How To Make The Perfect Swedish Midsommar Smörgåsbord

While director Ari Aster did his best to make the Swedish celebration of Midsommar look, well, horrific, it's actually a pretty sweet solstice celebration that much of Northern Europe celebrates each year. They indulge in plenty of drinking and eating, and it's quite an impressive spread. Even Ikea gets in on the action. 

Swedes are known for their smörgåsbords (or just bords for short), which are basically less formal than a standard buffet but more expansive than a grazing board. At the midsummer celebration, you might find a mix of cooked dishes, cheeses, charcuterie, nuts, and fruits, but there are a few items that are staples like pickled herring and gravlax, new potatoes, and a strawberry sponge cake dessert. So if you're planning to celebrate the summer solstice and want to give a fun nod to an ancient tradition, try creating your own Swedish-inspired Midsommar smörgåsbord.

Pickled fish for days

For your board, you're going to need fish — a lot of it. The two main varieties you'll find at the Swedish Midsommar table are salmon and herring. When it comes to salmon, gravlax is the typical preparation method — it's simply salmon cured with salt and sugar. You can make it yourself and even find it in some specialty grocery stores, but if you're pressed for time or can't find it at the market, you can get away with some smoked salmon slices instead. Serve with fresh dill and onions. Herring is the other major player here, but it's usually served pickled. You can find this at Eastern European markets, or try to make your own, but all told, it's easier, and usually tastier to go store-bought.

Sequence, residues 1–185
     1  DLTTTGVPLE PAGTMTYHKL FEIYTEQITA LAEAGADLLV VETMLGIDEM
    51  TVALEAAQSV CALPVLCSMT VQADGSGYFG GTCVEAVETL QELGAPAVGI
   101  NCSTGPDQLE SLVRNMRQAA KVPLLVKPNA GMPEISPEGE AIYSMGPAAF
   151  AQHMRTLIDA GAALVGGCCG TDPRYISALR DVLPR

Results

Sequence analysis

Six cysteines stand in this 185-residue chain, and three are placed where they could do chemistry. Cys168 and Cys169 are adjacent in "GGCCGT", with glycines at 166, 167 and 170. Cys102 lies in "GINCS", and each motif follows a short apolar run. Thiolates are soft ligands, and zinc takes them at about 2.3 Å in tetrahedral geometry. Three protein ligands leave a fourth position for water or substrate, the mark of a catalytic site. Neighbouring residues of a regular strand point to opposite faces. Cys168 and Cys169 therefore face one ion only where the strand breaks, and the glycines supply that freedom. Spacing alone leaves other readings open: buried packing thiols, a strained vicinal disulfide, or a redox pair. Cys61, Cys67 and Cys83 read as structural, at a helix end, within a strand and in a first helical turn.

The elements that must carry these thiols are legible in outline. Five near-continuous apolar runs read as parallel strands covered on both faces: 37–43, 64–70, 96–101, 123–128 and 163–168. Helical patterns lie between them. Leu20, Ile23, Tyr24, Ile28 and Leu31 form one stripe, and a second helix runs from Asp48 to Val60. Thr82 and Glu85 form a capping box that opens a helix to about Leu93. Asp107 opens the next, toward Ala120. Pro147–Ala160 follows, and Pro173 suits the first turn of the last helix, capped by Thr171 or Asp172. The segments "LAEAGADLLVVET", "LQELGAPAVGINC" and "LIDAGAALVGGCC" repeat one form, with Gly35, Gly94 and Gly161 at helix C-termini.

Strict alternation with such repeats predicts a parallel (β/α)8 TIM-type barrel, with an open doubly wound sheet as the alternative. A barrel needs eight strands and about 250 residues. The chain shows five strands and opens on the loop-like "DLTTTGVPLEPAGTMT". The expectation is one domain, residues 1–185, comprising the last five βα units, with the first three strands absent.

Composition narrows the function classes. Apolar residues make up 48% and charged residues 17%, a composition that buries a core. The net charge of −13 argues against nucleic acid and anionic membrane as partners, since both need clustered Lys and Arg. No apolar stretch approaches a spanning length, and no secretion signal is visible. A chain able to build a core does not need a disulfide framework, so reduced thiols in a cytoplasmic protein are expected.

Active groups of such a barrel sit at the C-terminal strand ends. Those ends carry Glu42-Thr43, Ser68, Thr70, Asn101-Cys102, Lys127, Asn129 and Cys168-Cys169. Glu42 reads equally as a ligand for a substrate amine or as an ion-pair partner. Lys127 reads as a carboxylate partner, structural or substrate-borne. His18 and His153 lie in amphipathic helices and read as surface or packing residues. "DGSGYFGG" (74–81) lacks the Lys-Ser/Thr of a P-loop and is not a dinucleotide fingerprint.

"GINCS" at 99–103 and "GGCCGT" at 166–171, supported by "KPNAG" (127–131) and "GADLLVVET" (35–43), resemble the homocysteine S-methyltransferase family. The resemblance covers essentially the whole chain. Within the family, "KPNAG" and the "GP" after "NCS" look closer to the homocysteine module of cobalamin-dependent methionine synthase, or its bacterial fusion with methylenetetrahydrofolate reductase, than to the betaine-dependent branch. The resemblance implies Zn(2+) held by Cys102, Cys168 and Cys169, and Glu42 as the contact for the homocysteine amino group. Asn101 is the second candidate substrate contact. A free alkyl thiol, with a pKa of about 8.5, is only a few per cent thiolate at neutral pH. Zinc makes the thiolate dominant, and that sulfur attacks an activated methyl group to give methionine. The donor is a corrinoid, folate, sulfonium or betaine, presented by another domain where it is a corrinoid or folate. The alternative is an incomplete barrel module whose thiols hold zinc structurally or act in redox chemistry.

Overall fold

On the side, you'll want to include some hard cheeses that can stay out of the fridge for a while. Västerbotten is a traditional Swiss hard cheese, but you could also go with gouda, Parmesan, and Gruyere. Almost any hard cheese will do. One side dish you can't skip is new potatoes and dill. Just take some of those golden baby potatoes, boil until tender, then serve with salt, dill, and sour cream. Finally, when it comes to something sweet, the traditional dessert is simple — sponge cake with whipped vanilla cream and topped with fresh strawberries. 

Don't forget the aquavit

With all of that food and salted fish, you'll need something to wash it down. The Swedes tend to prefer schnapps, which are just spirits distilled from potatoes and grain, similar to vodka, but they are typically flavored with herbs and botanicals. One of the most popular drinks is a spirit known as aquavit or akvavit, which is an herbaceous, caraway-forward, and licoricey liquor, much like a less syrupy Jaegermeister. It's also available in other flavors such as honey, elderflower, and black currant. 

Aquavit is usually served in a shot or port-style glassware. To go the extra mile, chill the glasses in the freezer before pouring in the spirit. For those who don't like the botanical and herbaceous spirit in its purest form, you can mix it into a cocktail with cranberry juice or whatever you prefer. If you prefer not to imbibe in the traditional boozy beverage, elderflower cordial would make for a nice alcohol-free substitute.